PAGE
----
Post Lot Text
1900-1918: Born in Paris on 5 January at the Ministère de la Marine, Place de la Concorde, where his father, a retired sea captain, works. Spends family vacations at Locronan, in the Finistère province of Brittany.
1918: Joins the merchant marines; travels to South America, Africa and England.
1920: Enlists in the army; meets Prévert.
1922: Finishes his military service; joins Jacques Prévert in Paris.
1923: Leaps from a bus to view di Chirico's paintings in the window of the Galerie Paul Guillaume, the experience which leads him to begin painting.
1924: Takes an apartment at 54 rue du Château with Prévert and Maurice Duhamel, which will become an important center of Surrealist meeting and activity; discovers the periodical La Révolution Surréaliste.
1925: Meets and develops a close friendship with André Breton; joins the Surrealist group; exhibits two or three drawings at the Salon de l'Araignée.
1926: His first published painting, L'Anneau d'invisibilité, is in La Révolution Surréaliste (15 June, no. 7).
1927: Marries Jeanne Ducrocq; has his first one-man exhibition at the Galerie Surréaliste, Paris.
1928: Participates in l'Exposition du Groupe Surréaliste at the Galerie Sacre du Printemps, Paris.
1930: Travels to Africa, and is fascinated by local rock formations that will play an influence in his work.
1939: Meets the American painter Kay Sage in Paris; spends the summer with Breton, Matta and Estebàn Francés at the Château de Chemillieu; joins Sage in New York on 1 November after the declaration of war.
1940: Travels to the American West, and is struck by the similarities of the geography to that of his own paintings; marries Kay Sage.
1941: Moves to Woodbury, Connecticut.
1948: Becomes an American citizen.
1951: Travels to Sedona, Arizona to visit Dorothea and Max Ernst.
1954: With other Surrealists in New York, acts in Hans Richter's film, 8 x 8.
1955: Dies suddenly in Woodbury, 15 January.
"Qu'est-ce que le surréalisme? --C'est l'apparition d'Yves Tanguy, coiffé du paradisier grand émeraude."
The event which inspired Yves Tanguy (1900-1955) to suddenly become an artist may seem the stuff of Hollywood fiction, but is true nonetheless: in 1923 he leapt off a bus in motion to examine two strange paintings that had caught his eye in a passing gallery window. They were by Giorgio de Chirico, and the gallery, operated by Paul Guillaume, was the same in which Surrealist impresario and theoretician André Breton discovered the art of de Chirico several years earlier. Although Tanguy was entirely untrained as an artist, and didn't begin to paint until after his encounter with the de Chirico paintings, he quickly developed a wholly original visual language and style that would place him in the foremost rank of the Surrealist movement.
Tanguy's entry into the Surrealist group came as the result of a confluence of his personal qualities and external circumstances. To begin with, Tanguy's personality was already predisposed to a love of the absurd. He stated in an interview that "about 1924 I came across the first issue of La Revue Surréaliste and I became very much interested in it. Not so much in the paintings reproduced in it as in the general spirit of it contents" (quoted in J. J. Sweeney, "Interview with Yves Tanguy," The Museum of Modern Art Bulletin, New York, 1946, vol. 13, no. 4-5, p. 22). Sir Roland Penrose has related that Tanguy, during his military service, would often delight in shocking others by eating his own socks at the mess table or relishing spiders, soaked in wine, on a slice of bread --a practice that apparently didn't end in later years. Having completed his service, Tanguy returned to Paris in 1922 and was reunited with an old friend, the poet Jacques Prévert. Joined by Maurice Duhamel, the men took an apartment in Montparnasse that would become a hub of Surrealist activity. In 1925, Tanguy met Breton through mutual friends; the two discovered they held similar philosophical and aesthetic views, and Breton became an immediate champion of the promising young artist.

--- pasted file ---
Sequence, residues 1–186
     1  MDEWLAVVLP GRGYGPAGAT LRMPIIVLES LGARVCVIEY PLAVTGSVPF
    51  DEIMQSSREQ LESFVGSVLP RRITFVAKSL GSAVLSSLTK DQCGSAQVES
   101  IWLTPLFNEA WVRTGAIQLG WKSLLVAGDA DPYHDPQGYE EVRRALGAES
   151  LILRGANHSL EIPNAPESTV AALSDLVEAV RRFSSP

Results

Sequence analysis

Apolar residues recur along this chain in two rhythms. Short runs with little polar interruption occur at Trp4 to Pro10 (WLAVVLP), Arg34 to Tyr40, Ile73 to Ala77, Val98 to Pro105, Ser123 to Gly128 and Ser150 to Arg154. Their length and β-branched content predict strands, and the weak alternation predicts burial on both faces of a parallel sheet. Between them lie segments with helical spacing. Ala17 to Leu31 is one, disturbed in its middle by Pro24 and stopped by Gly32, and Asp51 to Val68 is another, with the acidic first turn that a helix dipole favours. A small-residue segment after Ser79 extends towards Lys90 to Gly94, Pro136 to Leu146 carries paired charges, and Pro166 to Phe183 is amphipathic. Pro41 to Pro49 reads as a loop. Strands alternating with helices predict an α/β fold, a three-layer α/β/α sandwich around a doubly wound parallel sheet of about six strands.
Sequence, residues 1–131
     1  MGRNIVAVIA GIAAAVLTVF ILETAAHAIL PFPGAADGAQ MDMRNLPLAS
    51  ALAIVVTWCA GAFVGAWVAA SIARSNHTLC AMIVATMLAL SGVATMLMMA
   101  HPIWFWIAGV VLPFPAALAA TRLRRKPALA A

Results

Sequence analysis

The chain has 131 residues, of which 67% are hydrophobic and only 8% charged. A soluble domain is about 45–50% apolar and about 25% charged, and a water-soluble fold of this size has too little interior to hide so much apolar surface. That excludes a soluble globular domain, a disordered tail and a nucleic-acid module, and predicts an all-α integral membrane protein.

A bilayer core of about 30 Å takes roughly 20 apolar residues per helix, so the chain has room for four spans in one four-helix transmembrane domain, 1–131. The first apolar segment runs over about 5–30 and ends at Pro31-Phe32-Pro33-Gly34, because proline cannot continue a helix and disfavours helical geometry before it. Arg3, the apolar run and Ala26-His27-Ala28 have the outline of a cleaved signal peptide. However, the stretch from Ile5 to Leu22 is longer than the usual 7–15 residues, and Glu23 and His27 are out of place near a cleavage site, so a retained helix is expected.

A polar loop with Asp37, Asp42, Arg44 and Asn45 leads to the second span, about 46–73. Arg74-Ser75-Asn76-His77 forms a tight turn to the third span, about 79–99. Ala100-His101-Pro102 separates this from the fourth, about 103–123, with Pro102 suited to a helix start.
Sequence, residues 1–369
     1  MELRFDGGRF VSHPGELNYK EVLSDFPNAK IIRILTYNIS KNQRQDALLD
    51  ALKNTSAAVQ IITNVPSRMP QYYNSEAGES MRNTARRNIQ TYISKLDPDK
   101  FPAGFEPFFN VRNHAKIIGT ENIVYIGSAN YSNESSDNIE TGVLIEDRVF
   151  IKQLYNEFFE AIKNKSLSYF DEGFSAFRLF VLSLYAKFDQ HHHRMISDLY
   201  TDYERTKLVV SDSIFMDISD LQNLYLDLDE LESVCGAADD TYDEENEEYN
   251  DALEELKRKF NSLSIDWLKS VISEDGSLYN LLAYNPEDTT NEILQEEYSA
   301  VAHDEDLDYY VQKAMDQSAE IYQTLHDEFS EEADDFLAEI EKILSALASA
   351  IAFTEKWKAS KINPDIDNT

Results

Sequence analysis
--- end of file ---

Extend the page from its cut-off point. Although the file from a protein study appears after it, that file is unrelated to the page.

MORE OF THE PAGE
Breton first reproduced Tanguy's paintings and drawings in the 15 June 1926 issue of his La Revolution Surréaliste; he was thereafter recognized as one of the "official" Surrealist artists. These early paintings show bizarre, incongruous images with a deliberate disregard for conventional style and composition. A supernatural mood was already emerging, with murky backgrounds and flashes of light permeating the compositions. These early works reflect the stylistic influence of André Masson, Max Ernst and Joan Miró (who was a frequent visitor to the Montparnasse apartment), as well as intellectual ideas culled from Tanguy's studies in metaphysics, psychiatry and alchemy. Some of these early oils reveal the initial emergence of motifs such as the "weblike" tightropes and amorphous "anemone-like" bodies that would reappear in more simplified form in Tanguy's later, less literal compositions.
By 1927, the year of his first one-man exhibition at the Galerie Surréaliste in Paris, Tanguy's mature style had emerged, one that would change little over the course of successive decades. According to James Thrall Soby, Tanguy "sometimes talked irritatedly of painters who felt obliged to evolve a new approach every few years, as a means of freshening their own and the public's interest in their work. Once he had found his direction -- and he found it with startling abruptness -- he followed it with devotion and purity, secret in his quest and oblivious of the pressures of fashion and commerce" (Yves Tanguy, exh. cat., The Museum of Modern Art, New York, 1955, p. 9). Certainly one can detect a progression --however relaxed-- in the course of his work, including the evolution of his forms and a refinement of his palette over his 30 year career, but the overriding autograph throughout his oeuvre is unmistakable. Indeed, he once admitted that "here in the United States the only change I can distinguish in my work is possibly in my palette. What the cause of the intensification of color is I can't say. But I do recognize a considerable change" (quoted in Sweeney, op. cit., p. 23).